The FBI got involved, and it was then decided that they would try to get the informant inside the bunker. A guy named Harry, posing to be a gardener, got a job in the cyberbunker, and he started leaking information to the law enforcement authorities. Tim Henkel and the FBI got to know about the names of the key players and their hierarchy in the system. They came to know about all the weird things that Sven did and the ideologies these madmen had. After Harry, another police informant named Julia applied for the position of maid. Julia also got a job there since she pretended to be Harry’s girlfriend, and Herman and others already had a lot of trust in the man. It was imperative for the law enforcement authorities to somehow bring all these perpetrators out of the bunker, so that the police could arrest them and then seize the place and conduct a thorough search to find evidence. Harry asked Herman and everybody else to come out for dinner as he told them that he wanted to thank them for what they had done for him. It was a trap, and it seemed like the criminal masterminds lacked common sense, so they all walked right into the trap, apart from Sven, who didn’t attend the dinner. They were caught by the law enforcement authorities, and a trial started against them in a court in Trier.

Where is Herman Johan Xennt now?

We came to know in Cyberbunker: The Criminal Underworld that Herman had opened one such bunker in the Netherlands before he escaped from the country after the authorities came to know that a part of that facility was used to run an ecstasy lab. Approximately 300 arrests were made in 22 countries after the illicit activities happening on the platform came to light. Michiel Ruggers, the manager of Cyberbunker, decided to testify against Herman, and that helped the prosecutors in a huge way. This was not a straightforward crime, and it was very difficult to establish in court that Herman and his team were indirectly involved in all the crimes happening on their platform. It is surprising that Sven Olaf Kamphuis, who openly accepted that cyber bunker hosted child abuse websites and that each and every key player was aware of it, is still free and hasn’t faced any punishment, apart from the 2 months he spent in jail. It seems like the authorities aren’t willing to catch him too, which is beyond our understanding, as through the documentary we realized that he was equally guilty if not more as compared to the other perpetrators.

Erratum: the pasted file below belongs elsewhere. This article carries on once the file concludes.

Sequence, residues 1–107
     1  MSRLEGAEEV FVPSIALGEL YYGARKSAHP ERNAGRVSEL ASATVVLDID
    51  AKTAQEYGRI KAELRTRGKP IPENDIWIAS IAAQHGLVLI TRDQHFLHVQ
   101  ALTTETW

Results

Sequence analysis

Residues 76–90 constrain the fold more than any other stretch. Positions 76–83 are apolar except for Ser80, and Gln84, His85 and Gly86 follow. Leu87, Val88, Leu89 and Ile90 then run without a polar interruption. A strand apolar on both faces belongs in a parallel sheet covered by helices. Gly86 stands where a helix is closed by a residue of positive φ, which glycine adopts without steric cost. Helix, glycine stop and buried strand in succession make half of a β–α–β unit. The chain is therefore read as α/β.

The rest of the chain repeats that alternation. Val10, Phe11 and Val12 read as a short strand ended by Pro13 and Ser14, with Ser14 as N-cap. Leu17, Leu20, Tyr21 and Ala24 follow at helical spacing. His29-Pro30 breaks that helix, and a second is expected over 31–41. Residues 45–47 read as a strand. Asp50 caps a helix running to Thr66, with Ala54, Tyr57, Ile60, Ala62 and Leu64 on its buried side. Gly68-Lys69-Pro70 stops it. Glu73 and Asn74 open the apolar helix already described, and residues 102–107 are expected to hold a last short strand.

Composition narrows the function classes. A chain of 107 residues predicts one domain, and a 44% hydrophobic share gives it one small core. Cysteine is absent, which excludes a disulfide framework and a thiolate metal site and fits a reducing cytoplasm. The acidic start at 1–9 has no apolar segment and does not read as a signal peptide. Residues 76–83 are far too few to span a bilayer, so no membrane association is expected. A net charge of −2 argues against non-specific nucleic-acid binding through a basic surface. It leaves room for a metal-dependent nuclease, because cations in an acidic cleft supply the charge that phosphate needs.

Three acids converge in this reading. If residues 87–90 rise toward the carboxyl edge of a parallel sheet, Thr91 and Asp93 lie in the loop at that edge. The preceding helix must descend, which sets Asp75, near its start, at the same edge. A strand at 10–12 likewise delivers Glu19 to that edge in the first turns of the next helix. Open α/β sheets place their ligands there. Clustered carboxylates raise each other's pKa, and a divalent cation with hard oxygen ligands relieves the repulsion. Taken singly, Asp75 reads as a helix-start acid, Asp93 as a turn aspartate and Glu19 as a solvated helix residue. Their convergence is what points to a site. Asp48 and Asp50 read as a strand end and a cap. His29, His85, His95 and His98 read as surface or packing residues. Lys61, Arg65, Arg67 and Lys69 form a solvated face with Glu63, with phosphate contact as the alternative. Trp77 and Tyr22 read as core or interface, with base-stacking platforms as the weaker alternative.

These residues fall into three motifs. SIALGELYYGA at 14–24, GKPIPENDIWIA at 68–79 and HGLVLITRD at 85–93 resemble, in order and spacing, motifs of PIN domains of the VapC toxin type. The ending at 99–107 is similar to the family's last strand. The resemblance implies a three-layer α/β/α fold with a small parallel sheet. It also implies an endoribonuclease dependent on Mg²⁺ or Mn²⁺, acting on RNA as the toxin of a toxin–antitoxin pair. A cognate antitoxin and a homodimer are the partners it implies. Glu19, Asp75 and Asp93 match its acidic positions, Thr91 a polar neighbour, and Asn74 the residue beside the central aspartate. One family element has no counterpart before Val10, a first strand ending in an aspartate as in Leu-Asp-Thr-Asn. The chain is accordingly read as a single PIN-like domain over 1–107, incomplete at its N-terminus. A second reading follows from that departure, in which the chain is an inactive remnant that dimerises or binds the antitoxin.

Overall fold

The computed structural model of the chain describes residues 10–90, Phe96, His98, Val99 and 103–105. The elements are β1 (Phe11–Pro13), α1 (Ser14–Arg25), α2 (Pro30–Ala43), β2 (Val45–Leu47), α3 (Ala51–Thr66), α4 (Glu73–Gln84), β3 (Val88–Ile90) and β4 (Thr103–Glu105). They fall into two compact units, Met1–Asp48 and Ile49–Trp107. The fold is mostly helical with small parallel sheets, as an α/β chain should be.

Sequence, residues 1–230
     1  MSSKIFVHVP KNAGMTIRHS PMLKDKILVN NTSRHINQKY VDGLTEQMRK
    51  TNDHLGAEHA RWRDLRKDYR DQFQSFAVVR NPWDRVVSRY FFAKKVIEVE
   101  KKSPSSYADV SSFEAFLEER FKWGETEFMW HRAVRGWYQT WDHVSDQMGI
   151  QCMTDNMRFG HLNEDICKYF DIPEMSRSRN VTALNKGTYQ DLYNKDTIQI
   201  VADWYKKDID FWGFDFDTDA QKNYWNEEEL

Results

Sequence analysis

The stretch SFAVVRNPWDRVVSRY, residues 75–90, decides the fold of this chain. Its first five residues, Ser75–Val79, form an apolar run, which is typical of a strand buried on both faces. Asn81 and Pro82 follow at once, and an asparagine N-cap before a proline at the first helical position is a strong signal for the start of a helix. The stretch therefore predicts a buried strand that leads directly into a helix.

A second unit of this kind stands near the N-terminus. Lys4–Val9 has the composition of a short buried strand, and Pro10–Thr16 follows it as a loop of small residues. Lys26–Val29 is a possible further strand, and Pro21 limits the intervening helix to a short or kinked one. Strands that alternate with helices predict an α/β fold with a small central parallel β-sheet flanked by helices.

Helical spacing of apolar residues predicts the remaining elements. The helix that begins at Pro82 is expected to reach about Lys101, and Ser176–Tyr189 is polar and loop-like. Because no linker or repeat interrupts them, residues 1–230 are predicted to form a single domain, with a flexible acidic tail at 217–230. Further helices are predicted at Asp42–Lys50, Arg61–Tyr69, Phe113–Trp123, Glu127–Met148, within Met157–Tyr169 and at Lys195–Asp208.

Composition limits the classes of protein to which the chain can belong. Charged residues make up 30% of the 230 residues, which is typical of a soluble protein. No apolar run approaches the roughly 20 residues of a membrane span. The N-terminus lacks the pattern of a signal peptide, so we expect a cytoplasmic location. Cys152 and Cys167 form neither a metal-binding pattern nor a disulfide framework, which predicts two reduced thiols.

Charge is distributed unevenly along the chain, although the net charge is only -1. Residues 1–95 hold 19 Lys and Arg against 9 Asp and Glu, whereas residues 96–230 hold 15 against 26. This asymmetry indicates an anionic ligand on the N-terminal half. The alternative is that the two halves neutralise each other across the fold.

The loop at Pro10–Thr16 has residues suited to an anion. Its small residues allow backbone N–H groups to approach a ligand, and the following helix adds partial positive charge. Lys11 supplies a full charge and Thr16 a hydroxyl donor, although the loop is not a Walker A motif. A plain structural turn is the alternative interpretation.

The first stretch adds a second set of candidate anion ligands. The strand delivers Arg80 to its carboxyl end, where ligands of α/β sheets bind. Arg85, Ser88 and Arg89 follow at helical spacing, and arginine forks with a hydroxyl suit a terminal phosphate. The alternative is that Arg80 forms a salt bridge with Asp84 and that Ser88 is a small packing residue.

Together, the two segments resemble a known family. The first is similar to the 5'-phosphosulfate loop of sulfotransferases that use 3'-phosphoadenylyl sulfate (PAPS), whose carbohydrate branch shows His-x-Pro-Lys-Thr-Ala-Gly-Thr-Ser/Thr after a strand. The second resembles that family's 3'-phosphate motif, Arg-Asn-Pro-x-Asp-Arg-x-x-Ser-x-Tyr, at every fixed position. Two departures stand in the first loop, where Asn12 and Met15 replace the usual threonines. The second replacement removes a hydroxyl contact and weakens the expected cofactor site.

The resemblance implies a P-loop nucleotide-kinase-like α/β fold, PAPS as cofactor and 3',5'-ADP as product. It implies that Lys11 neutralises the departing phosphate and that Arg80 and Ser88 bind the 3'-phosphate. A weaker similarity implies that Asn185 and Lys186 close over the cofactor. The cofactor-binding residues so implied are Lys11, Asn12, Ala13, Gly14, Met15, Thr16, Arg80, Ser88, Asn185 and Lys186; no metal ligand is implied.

The intelligence agencies were not able to prove that Herman was involved in aiding and abetting the crimes, and he was only charged with creating an illegal organization. It was a failure on the part of the law enforcement authorities, as Herman was only sentenced to 6 years on December 14, 2021. It is a major concern that the man will be out once again, and he intends to do the same thing that he had been doing before. When the ecstasy lab was found in his bunker in the Netherlands, he said that he was unaware of it, and very conveniently, even this time, he said the same thing. He plans on developing a wallet next, where people would be able to make anonymous payments, and he says that he was targeted only because the government doesn’t want people to have that kind of privacy. The man believes that he has done nothing wrong and says that he continues the good work for the common people.

Notify of

Newest Most Voted
Inline Feedbacks
View all comments
Sushrut Gopesh
Sushrut Gopesh
I came to Mumbai to bring characters to life. I like to dwell in the cinematic world and ponder over philosophical thoughts. I believe in the kind of cinema that not necessarily makes you laugh or cry but moves something inside you.

Must Read

DMT Guide

More Like This